Veterinary advice should be sought from your local veterinarian before applying any treatment or vaccine. Not sure who to use? Look up veterinarians who specialize in poultry using our directory listing. Find me a Vet

Thiamin (vitamin B1) Deficiency

Vitamin B1 Deficiency, Beriberi, Chicken Polyneuritis

Vitamin B1, also called thiamine or thiamin, is one of 8 water-soluble B vitamins.
Thiamin (Vitamin B1)
Like other B-complex vitamins, thiamine is sometimes called an "anti-stress" vitamin because it may strengthen the immune system and improve the body's ability to withstand stressful conditions. It is named B1 because it was the first B vitamin discovered. Chickens are more susceptible to neuromuscular effects of thiamine deficiency than mammals. Thiamine deficiency affects many systems of the chicken's body, including the muscles, heart, nerves, and digestive system. A principal function of thiamin in all cells is as the coenzyme cocarboxylase or TPP. TPP is essential in reactions that produce energy from glucose or that convert glucose to fat for storage in the tissues. When there is not enough thiamin in the diet, these basic energy functions are disturbed, leading to problems throughout the body.

Thiamin Deficiency in Chickens


Clinical signs of thiamin deficiency in chicks are:
  • Ataxia
  • Tremors, with the severity of the spasms increased when frightened.
  • As the deficiency progresses, paralysis of the muscles occurs, beginning with the flexors of the toes and progressing upward, affecting the extensor muscles of the legs, wings and neck.
  • Chicks will sit on their flexed legs and draw back their head in a stargazing position, which is often referred to as wry neck. Retraction of the head is due to paralysis of the anterior neck muscles.
  • Inability to stand or sit upright

In adult chickens, thiamin deficiency signs include:
  • Lethargy
  • Head tremors
  • General weakness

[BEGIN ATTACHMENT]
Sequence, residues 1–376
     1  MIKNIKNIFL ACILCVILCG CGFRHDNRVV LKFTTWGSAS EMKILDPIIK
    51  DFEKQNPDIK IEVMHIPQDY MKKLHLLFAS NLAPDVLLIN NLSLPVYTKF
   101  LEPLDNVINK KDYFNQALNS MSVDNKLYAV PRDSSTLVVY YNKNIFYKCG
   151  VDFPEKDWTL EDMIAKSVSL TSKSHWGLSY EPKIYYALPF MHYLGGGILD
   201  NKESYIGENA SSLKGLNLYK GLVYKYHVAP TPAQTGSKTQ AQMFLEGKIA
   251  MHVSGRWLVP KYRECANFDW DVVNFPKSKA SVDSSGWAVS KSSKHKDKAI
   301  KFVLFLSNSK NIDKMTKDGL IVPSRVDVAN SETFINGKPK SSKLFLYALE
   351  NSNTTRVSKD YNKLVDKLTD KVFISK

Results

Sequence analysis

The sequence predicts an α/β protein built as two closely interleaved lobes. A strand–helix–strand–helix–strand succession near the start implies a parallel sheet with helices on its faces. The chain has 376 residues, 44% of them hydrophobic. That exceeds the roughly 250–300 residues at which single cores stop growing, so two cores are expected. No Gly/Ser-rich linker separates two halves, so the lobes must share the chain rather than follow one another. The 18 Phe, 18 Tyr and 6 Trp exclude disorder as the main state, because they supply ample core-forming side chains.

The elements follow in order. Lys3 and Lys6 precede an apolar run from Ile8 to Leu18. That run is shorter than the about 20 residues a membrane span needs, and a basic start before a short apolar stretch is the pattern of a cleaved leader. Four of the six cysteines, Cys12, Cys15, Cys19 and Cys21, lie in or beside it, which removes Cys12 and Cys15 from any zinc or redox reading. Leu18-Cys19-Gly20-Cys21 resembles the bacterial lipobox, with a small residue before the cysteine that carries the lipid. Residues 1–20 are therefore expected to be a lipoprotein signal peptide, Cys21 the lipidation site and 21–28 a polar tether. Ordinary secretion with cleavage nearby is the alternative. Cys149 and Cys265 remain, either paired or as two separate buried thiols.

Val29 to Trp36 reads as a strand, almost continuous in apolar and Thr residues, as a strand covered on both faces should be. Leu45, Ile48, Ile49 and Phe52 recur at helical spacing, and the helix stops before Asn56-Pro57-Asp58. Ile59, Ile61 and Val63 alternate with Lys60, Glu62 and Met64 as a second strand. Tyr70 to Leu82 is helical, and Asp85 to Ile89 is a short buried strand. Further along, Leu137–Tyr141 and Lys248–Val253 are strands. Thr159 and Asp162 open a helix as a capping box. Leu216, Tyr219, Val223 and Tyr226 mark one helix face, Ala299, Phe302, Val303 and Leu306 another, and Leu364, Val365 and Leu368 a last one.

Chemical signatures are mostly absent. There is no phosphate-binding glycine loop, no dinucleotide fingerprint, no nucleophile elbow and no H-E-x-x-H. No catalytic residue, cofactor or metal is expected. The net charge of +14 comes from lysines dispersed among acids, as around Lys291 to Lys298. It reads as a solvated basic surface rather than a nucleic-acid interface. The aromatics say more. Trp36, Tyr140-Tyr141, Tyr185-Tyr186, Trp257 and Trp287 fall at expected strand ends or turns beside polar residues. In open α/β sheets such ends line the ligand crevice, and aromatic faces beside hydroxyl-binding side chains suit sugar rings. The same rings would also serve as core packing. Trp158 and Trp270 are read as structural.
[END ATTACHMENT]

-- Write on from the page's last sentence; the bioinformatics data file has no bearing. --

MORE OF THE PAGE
• Impaired digestion
  • Severe loss of appetite and will not resume eating unless given foods containing thiamin
  • Chickens will sit on their flexed legs and draw back their head in a stargazing position, which is often referred to as wry neck. Retraction of the head is due to paralysis of the anterior neck muscles.
  • Emaciation
  • Frequent convulsions
  • In severe cases, polyneuritis
  • High mortality of embryos prior to hatching in eggs produced by deficient parents. Any chicks that do hatch will demonstrate clinical signs of severe thiamine deficiency
Deficient birds can rapidly detect and discriminate against feeds that do not provide the vitamin.

Thiamin Dietary Requirements



Age/Life Stagemg/kg
Newly Hatched Chicks (0 - 10 wks)2-2.5
Young & Growing (10 - 20 wks)2-2.5
Laying hens (Actively laying eggs)2.5-3
Breeders (20 wks & older)*2.5-3.5
Broiler/'Meat' Breed Chicks (0-18 wks)2.0-3
Broiler/'Meat' Breeds* (19 wks & older)3-3.5
*Includes roosters
Light breeds (Leghorns) seem to have higher thiamin levels than heavy breeds. As chicken age, the need for thiamin increases because efficiency of vitamin utilization usually diminishes. Thiamin requirements are also influenced by other dietary factors, and increased requirements are associated with chickens receiving:
  • High carbohydrate-based diets
  • Fish-meal based feed, supplements, or table scraps
  • Consuming moldy or spoiled feed

Thiamin Food Sources


The largest food sources of thiamin is Brewer’s yeast. Cereal grains and their by-products, soybean meal, cottonseed meal and peanut meal are relatively rich sources of thiamin. thiamine food sources for chickens

Clinical Signs

Lethargy
Head tremors
Reduced appetite
Weakness
Ataxia
Star-gazing (opisthotonus)
Convulsions
Decreased body temperature
Reduced respiratory rate
Ascending paralysis

Diagnosis

  • History
  • Clinical signs
  • Physical exam
  • Diet analysis
  • Feed analysis

Treatment

NameSummary
ThiaminAdminister thiamin solution orally with small medicine dropper. Chickens will usually respond within hours of oral or parenteral administration of thiamin
Provide thiamin-rich food sources, up to 4 mg/kg.

Prevention

Scientific References

Risk Factors

  • Breeding parents deficient in thiamine
  • Poor feed intake
  • Reduced gastrointestinal absorption
  • consumption of Fusarium mycotoxins in feed